AG hopeful Eric DiNallo slamming his Democratic primary opponents for weighing in on the Senate Majority Leader Pedro Espada Jr. scandal, saying it’s inappropriate for anyone seeking to succeed the current AG, Andrew Cuomo, to comment on a case he or she might end up inheriting.

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Would-be AGs Nassau County DA Kathleen Rice and Sen. Eric Schneiderman both released statements yesterday saying Espada should voluntarily relinquish his post as majority leader in the wake of the civil charges slapped on him by Cuomo.

Dinallo also announced a six-point agenda for investigating public corruption, which includes stringent new disclosure requirements for charities (like, say, the Bronx-based Soundview, which Cuomo says Espada looted of more than $14 million), using the Tweed Law to investigate the misuse of public funds, and pursuing election law violations under the existing Executive Law.

“It is unwise for a candidate for Attorney General to comment on a case that could soon come across their desk. Doing so in this instance could result in a recusal from an important case,” Dinallo said in a press release.

“The Public Integrity Agenda I announced today speaks to how seriously I take violations of the public trust, and outlines how I intend to handle such cases as Attorney General.”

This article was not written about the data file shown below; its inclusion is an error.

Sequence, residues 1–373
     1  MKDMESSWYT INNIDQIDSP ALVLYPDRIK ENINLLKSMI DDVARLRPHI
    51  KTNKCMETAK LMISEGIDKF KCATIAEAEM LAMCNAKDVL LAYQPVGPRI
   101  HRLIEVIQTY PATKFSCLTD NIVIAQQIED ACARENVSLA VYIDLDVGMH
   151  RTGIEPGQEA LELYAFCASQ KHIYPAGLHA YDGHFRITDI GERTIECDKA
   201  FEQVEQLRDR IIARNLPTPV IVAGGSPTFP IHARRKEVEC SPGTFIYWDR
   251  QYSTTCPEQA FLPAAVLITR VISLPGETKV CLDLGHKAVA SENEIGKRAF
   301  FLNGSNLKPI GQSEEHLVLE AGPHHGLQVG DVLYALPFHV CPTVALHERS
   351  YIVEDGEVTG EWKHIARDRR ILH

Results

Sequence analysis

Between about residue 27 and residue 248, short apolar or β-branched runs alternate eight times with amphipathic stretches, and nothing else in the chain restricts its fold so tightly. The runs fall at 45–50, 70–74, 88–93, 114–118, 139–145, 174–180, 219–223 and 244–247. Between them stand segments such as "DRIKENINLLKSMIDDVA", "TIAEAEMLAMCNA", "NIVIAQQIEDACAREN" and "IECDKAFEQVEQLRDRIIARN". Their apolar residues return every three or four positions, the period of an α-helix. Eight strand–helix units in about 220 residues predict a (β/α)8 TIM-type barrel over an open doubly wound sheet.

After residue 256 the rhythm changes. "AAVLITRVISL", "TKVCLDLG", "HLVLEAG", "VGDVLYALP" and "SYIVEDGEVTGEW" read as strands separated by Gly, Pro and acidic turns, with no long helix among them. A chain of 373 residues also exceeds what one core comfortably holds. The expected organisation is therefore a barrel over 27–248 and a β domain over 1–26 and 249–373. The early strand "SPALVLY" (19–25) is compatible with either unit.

“New Yorkers know that cleaning up corruption in Albany requires a strong, independent Attorney General with the tools and demonstrated ability to prosecute abuses of power and restore public confidence in our state government.”

Cuomo said criminal charges might be in the offing for Espada, not to mention federal charges after the early morning raid conducted yesterday by the AG, FBI and IRS.

In other words, this case might very well take some time to reach its final conclusion, dragging on into the tenure of the next AG – particularly if Espada refuses to cop a plea (assuming one is offered) and fights in court, as it seems at this moment he will.

Dinallo touted himself as the “only candidate whose investigations of powerful entrenched interests have resulted in major reforms that benefit all New Yorkers.”

(He’s referring not only to his time as a prosecutor in former Manhattan DA Robert Morgenthau’s office, but also to his unearthing of the Martin Act while working for Eliot Spitzer, enabling the then-AG to take on Wall Street).